Iranian documentary filmmaker Reza Allamehzadeh has exposed the plight of Bahá’ís in Iran with a new documentary called “Iranian Taboo.” Adherents of the faith have been persecuted by the Iranian Islamic Republic because they are considered un-Islamic. Banned from Iran himself (but not a Bahá’í) Allamehzadeh enlisted the help of friends in the country who recorded footage clandestinely and produced this film.
Bahaism is a modern-day religion founded in Iran in the 19th century which counts around six million adherents (from the Wiki on Bahá’í Faith).
Aside from its humaneness as faith, Bahá’ísm also typifies what iranianness means: egalitarianism, magnanimity, controlling one’s destiny, improving the self as well as the world you’re surrounded by. As heard in a conversation after a recent screening of “Taboo,” if Iran had been a Bahá’í-run country, it wouldn’t be in the state it is in today.
In order to finance their trip outside the country following years of insidious warnings and pressure from their government, a family is holding a garage sale. A woman cries at the thought of having to exile herself from her own country, but she says the persecution is unending and they have to emigrate. Bahá’ís in Iran are persecuted and told, “convert to Islam or get out.” Iran’s government helps fuel misconceptions about the faith by accusing Bahá’ís of being spies working for the U.S., and, by definition, of being zionists.
Allamehzadeh also interviewed a number of personalities (iranologists, former politicians, etc.) as well as Abolhassan Bani-Sadr, who was the first president of the newly-founded Islamic Republic of Iran in 1979. Nobel Prize-winner Shirin Ebadi also appears on camera to give an account of one of Iran’s sham trials against Bahá’ís. Each one brings anecdotes to the mix and try to weigh in on the whys and hows of the Iranian government’s witch hunt.
One of the most memorable aspects of this film, as told by Allamehzadeh, is how the government dismantled a Bahá’í college, the Bahá’í Institute For Higher Education. Learning is at the core of Bahá’í culture, and education is perceived as essential to self-realization. Members of the Bahá’í world diaspora are often the pillars of their communities.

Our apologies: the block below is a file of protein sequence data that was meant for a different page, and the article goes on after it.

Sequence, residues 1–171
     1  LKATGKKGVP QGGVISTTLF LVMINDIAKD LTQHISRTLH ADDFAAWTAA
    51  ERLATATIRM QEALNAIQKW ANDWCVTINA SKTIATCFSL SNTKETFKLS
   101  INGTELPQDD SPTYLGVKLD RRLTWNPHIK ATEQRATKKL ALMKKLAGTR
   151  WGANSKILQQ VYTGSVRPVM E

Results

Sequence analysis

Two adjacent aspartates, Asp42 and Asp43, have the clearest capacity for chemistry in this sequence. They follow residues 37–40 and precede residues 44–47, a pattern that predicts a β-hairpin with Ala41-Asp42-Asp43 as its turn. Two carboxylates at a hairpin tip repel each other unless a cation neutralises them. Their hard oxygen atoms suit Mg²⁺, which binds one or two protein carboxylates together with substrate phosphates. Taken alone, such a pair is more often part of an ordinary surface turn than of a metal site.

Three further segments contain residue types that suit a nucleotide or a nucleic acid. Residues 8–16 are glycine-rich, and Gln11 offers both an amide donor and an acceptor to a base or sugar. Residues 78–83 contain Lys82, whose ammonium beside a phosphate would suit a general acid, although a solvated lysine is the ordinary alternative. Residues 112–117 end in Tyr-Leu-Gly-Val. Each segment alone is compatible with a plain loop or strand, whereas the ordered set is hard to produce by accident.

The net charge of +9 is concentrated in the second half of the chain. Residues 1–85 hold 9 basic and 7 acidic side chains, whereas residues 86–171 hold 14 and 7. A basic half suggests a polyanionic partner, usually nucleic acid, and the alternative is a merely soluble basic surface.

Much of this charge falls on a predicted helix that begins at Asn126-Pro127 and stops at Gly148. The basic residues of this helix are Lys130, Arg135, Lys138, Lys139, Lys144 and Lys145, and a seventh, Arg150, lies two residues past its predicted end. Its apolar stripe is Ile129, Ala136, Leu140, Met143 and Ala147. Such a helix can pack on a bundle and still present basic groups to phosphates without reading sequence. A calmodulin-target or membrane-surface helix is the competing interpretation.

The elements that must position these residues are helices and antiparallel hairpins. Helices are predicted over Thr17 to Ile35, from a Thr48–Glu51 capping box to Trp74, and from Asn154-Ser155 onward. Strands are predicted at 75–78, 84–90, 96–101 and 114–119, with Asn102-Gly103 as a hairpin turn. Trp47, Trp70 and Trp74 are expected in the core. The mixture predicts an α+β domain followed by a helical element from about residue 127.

In an interview with Allamehzadeh a former student of the institute describes how he was in the top percentile of his class. Once shut down the program went underground. Bahá’ís studied at each other’s homes, connecting with their teachers via the internet. I heard during a Q&A after the screening that DePaul University and other institutions recognize this underground university and consider applicants for admission.
Ironically the Azadi Tower, which is as representative of Tehran as the Opera House is of Sidney, was the sight of many demonstrations during the post-elections upheavals in 2009. Its architect, Hossein Amanat, is a Bahá’í.
There is no information at this time regarding a theatrical release date for “Iranian Taboo.” However, a D.V.D. should be released available at the end of this summer. For further information and updates visit the film’s Facebook page: https://www.facebook.com/iraniantaboo.
Ali Naderzad is founder and editor of screencomment.com where this review was first published.
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